Video and text by TIM FAULKNER/ecoRI News staff
PROVIDENCE — The Drop-the-Bypass movement received an unexpected boost Jan. 25 when Gov. Gina Raimondo came out against a portion of the federal rail project that threatened open space and tribal land in Washington County.
The governor’s decision was announced during a 200-person opposition rally at the Statehouse rotunda. Speakers from town councils in Westerly, Charlestown and Hopkinton spoke against the project, as did the Charlestown and Westerly land trusts and members of the Narragansett Indian tribe. All were brought together by the advocacy group Charlestown Citizens Alliance.
“This is a good day,” said Sen. Dennis Algiere, D-Charlestown, standing before the cheering crowd. “We stand together and we are going to be successful in our fight. We are going to continue in our efforts and we are going to stick together.”
The proposed regional NEC Future rail project is intended to shorten travel time by 45 minutes along the Northeast Corridor rail line that runs between New York City and Boston. To allow the train to maintain higher speeds, the $130 billion project wants to straighten out curves by building new rail beds along the route, including a portion called the Old Saybrook to Kenyon Bypass.
Critics of the project say construction and rail travel will harm environmentally sensitive areas such as Grills Preserve in Westerly and the Francis C. Carter Memorial Preserve and Amos Green Farm in Charlestown. An old portion of track would also be reactivated in the Great Swamp Management Area in South Kingstown.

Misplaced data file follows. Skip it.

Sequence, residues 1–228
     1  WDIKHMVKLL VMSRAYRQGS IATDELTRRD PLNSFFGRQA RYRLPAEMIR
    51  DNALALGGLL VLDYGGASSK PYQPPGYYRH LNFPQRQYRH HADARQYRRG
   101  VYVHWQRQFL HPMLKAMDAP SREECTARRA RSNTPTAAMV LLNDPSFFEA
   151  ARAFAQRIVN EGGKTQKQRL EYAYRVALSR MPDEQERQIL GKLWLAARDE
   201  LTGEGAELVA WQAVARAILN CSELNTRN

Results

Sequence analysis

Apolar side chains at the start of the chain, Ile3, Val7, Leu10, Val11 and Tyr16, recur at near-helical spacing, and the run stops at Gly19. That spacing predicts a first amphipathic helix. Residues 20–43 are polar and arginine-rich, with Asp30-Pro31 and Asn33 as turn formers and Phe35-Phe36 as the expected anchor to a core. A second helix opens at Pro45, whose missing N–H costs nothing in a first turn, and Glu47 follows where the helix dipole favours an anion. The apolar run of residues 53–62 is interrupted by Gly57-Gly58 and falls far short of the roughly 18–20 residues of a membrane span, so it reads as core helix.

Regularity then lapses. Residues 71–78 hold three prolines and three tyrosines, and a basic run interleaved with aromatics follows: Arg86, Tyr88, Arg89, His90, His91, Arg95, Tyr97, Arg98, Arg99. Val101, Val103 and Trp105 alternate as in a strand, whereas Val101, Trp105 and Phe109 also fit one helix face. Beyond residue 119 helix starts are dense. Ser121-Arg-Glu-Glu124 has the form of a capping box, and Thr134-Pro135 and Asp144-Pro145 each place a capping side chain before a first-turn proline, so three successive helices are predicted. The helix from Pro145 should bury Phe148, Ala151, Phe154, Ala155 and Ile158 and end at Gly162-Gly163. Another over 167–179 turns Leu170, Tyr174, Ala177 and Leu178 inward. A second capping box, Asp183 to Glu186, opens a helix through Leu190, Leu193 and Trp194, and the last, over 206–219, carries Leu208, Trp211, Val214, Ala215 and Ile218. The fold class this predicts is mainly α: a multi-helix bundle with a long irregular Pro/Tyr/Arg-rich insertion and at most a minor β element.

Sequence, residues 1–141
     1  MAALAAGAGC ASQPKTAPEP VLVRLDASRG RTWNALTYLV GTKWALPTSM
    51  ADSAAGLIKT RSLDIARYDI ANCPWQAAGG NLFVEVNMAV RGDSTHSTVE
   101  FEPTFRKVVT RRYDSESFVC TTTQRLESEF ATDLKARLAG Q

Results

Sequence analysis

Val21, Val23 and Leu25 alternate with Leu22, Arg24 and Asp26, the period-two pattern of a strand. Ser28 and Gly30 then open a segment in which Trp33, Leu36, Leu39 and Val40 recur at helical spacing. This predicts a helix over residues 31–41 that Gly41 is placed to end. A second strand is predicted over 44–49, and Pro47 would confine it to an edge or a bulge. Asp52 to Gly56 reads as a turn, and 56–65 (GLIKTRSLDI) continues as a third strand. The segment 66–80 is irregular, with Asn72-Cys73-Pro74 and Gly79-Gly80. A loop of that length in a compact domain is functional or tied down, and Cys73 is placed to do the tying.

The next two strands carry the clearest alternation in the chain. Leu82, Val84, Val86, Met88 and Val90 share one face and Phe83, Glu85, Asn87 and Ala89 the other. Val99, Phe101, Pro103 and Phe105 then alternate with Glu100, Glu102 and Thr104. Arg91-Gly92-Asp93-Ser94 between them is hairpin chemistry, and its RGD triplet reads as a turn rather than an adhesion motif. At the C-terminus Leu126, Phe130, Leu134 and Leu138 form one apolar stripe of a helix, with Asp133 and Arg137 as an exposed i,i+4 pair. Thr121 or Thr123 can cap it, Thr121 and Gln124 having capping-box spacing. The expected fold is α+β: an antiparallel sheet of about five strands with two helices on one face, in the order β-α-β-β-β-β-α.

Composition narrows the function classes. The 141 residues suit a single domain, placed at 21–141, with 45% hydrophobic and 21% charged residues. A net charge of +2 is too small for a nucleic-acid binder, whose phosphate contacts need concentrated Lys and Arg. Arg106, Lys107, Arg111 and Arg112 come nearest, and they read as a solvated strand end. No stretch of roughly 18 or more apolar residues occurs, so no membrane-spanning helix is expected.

Narragansett Indian tribal lands and residential neighborhoods also would be disturbed by the rerouted rail line. Portions of wetlands would be filled in, and blasting and trench digging may occur.
Members of Charlestown Citizens Alliance met with Raimondo prior to the 4 p.m. rally and were told of her support to halt the Old Saybrook-Kenyon Bypass. To be clear, Raimondo continues to support the overall rail improvement project, but opposes the changes in Washington County. Senators Jack Reed and Sheldon Whitehouse share the same stance.
“That’s why I’m asking the (Federal Railroad Administration) to address those concerns and explain its rationale for building the proposed bypass, as opposed to enhancing the existing route,” Whitehouse wrote in an e-mail to ecoRI News. “It will be important to have Rhode Island served by any high-speed rail service between Boston and New York, but this particular route hasn't been justified.”
Due to the pushback, Reed was able to extend the public comment period several weeks beyond the Jan. 31 deadline.
The Federal Railroad Administration (FRA) is managing the rail project, which classifies the bypass project as in a waiting period. FRA will publish a record of decision after the close of the waiting period. FRA will accept and review feedback on the project until the publication of the record of decision, which isn't anticipated prior to March 1.
Virginia Lee, president of the Charlestown Town Council, said the project may be years from being decided, but she wants the opposition to stay ahead of the curve, so to speak, until the FRA drops the bypass plan.
“We just thank the governor for taking a stance,” Lee said.